Obama, Zuma to highlight trade, HIV
Pretoria – The upcoming visit to South Africa by United States President Barack Obama will further affirm relations between Pretoria and Washington, particularly in the area of trade and the fight against the HIV/Aids pandemic.
“The visit will provide an opportunity for both countries to reflect on the positive work done by the US on the President’s Emergency Plan for Aids Relief...” International Relations and Cooperation Minister Maite Nkoana-Mashabane told reporters at a briefing on Tuesday.
Observers say the creation of the $15 billion PEPFAR programme in 2003 marked a significant increase in funding and attention to the Aids epidemic in Africa. But the decision the US took to reduce this funding in South Africa has sparked concerns it may affect interventions to address the disease.
But Nkoana-Mashabane said the meeting between Obama and Zuma would try to “acknowledge” the positive impact of the PEFPFAR programme on the health care sector in SA.
“The United States continues to support South Africa’s domestic priorities and has made an effort to align its assistance programmes and projects with these priority areas. South Africa and the US face a number of common challenges such as the quest to improve public education and health…”
This is Obama’s second trip to sub-Saharan Africa. He is due to arrive in South Africa on Friday for his first official visit as president to the continent’s largest economy. His African tour also includes stops in Senegal and Tanzania.
President Jacob Zuma expressed confidence this week, saying the US President’s visit to South Africa will be a boost for the country’s economy battling low growth and a weakening currency.
Nkoana-Mashabane emphasised that the United States remained a major economic partner for South Africa and continued to feature high on the list of trade and investment partners.
The United States is one of the five major trading partners of South Africa, and trade with the US has recovered to the levels of 2008 before the global financial crisis. More than 600 US companies were operating in South Africa, providing employment to over 120 000 local people.
“We encourage US companies to continue to trade in Africa. We believe SA has become the leader in the continent and land of opportunity,” said Nkoana-Mashabane.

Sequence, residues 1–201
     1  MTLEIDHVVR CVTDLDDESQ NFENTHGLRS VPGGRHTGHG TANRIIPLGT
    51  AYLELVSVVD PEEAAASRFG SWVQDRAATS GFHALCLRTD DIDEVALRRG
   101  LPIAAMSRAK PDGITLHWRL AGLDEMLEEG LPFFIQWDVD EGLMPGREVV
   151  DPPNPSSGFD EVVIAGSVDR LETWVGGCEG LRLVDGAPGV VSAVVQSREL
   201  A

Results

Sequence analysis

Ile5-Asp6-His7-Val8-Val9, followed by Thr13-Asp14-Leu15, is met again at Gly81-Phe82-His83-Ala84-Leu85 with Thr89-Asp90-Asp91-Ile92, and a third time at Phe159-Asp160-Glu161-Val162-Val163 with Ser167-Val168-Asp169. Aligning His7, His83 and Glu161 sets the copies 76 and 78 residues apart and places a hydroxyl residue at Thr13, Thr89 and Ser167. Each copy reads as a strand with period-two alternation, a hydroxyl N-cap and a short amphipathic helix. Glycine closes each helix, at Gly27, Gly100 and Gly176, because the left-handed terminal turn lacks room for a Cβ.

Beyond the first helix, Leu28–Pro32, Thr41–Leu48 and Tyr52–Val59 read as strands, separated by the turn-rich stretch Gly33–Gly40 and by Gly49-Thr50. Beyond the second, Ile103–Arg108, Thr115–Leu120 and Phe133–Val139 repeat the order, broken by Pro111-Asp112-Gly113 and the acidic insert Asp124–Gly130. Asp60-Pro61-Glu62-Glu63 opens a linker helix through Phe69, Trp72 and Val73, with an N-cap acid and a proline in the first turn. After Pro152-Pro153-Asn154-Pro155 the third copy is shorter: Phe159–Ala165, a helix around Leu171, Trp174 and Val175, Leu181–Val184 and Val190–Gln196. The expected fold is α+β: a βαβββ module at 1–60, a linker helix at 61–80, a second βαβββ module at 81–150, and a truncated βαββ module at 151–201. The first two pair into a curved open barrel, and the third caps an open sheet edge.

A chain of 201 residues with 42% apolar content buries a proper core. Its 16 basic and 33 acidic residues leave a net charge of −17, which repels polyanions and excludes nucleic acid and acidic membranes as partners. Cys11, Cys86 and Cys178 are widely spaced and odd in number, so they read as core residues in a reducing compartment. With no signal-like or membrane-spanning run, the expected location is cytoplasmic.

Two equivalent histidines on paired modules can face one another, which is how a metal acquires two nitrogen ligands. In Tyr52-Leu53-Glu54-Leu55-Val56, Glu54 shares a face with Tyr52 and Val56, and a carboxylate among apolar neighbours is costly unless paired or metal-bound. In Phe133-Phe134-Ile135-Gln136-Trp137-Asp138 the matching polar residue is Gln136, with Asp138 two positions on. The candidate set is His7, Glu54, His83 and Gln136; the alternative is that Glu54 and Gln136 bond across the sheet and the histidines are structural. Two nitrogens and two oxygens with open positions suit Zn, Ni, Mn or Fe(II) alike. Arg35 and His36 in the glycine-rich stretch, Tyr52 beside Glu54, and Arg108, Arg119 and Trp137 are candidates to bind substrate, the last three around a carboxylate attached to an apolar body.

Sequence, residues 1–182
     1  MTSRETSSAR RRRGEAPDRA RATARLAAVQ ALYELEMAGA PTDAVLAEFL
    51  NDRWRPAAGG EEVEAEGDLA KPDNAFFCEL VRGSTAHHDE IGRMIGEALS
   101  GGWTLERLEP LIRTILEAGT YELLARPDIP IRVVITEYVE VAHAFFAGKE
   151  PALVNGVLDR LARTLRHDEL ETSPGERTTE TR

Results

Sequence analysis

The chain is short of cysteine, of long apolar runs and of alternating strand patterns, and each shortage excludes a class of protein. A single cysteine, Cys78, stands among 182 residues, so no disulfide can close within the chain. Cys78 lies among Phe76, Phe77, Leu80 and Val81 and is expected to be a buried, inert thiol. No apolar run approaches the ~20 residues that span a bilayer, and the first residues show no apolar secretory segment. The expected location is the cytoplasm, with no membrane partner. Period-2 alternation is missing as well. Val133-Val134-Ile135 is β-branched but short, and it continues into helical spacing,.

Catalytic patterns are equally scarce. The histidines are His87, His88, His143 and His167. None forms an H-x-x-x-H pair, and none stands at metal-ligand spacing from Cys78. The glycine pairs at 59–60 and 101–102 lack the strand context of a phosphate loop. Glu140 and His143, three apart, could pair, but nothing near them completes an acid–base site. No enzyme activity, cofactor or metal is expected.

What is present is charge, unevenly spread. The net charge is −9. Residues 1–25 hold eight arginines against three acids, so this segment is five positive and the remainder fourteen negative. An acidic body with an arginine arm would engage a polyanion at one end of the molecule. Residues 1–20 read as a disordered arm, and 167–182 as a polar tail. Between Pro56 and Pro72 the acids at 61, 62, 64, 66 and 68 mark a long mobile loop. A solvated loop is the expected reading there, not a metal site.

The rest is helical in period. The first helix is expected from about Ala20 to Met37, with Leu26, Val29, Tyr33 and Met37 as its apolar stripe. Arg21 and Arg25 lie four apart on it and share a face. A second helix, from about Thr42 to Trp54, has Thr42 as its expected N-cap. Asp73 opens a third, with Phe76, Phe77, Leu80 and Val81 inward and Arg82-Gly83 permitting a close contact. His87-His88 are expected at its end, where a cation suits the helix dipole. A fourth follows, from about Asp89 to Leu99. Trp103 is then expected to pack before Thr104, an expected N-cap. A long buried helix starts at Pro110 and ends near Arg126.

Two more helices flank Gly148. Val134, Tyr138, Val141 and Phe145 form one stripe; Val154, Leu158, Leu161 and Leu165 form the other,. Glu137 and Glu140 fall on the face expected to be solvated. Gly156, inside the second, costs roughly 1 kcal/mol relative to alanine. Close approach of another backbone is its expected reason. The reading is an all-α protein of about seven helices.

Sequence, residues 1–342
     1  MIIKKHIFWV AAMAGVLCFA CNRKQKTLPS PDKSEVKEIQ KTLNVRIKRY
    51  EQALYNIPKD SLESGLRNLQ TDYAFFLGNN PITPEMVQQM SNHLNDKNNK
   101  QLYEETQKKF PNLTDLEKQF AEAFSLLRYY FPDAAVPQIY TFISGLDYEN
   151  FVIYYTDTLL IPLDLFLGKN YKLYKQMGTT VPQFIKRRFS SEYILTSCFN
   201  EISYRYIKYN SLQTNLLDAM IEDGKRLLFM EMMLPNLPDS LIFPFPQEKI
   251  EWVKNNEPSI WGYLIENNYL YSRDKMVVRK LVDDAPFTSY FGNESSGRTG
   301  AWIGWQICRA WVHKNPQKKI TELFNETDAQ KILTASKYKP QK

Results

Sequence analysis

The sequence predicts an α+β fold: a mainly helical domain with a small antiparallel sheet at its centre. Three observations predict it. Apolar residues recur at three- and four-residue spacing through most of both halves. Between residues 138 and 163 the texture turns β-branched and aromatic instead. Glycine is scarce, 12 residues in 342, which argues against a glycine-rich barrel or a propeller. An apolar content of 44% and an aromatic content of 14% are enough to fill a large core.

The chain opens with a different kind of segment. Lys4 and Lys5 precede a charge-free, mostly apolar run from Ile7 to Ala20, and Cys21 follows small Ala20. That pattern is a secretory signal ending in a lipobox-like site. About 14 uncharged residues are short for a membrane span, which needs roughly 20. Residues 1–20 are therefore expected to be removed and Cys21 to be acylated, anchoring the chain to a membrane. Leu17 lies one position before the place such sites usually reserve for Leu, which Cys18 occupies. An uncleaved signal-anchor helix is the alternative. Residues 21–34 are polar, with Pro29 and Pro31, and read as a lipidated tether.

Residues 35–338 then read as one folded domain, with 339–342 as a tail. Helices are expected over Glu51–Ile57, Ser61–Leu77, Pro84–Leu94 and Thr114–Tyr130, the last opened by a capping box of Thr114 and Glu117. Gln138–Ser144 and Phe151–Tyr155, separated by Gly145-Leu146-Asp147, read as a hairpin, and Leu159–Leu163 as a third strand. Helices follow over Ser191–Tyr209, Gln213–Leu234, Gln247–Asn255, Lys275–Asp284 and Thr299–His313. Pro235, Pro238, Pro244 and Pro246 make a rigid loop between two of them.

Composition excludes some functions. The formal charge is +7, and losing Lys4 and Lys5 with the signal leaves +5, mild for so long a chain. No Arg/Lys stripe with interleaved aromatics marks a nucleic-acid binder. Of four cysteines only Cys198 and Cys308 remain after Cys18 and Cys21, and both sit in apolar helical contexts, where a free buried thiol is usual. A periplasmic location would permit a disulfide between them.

More than 90% of South African exports to the US are believed to be gaining access to that market duty-free through the African Growth and Opportunities Act (Agoa).
South Africa is among the countries in the continent pushing for an extension of the Agoa window of not less than 10 years ahead of the September 2015 deadline.
Nkoana-Mashabane said Agoa needed to be expanded, so that “we do not continue to be the providers of raw material”.
She said Agoa had boosted bilateral trade between the USA and South Africa. It is estimated that about 98% of South African and other sub-Saharan African countries’ exports to the USA receive preferential treatment under Agoa.
On Saturday, Obama will meet President Zuma and later hold a "town hall" event with young African leaders at the University of Johannesburg’s Soweto Campus. He will also hold talks with Dr Nkosazana Dlamini Zuma, chairperson of the African Union Commission.
US First Lady Michelle Obama, meanwhile, will have tea with Zuma’s wife, Thobeka Zuma. The Obamas will then attend an official dinner hosted by President Zuma.
On Sunday, they will fly to Cape Town to visit the prison museum on Robben Island. Obama will then stop at a community centre focused on healthcare with retired Archbishop Desmond Tutu. He will go on to give a speech of his African tour at the University of Cape Town. – SAnews.gov.za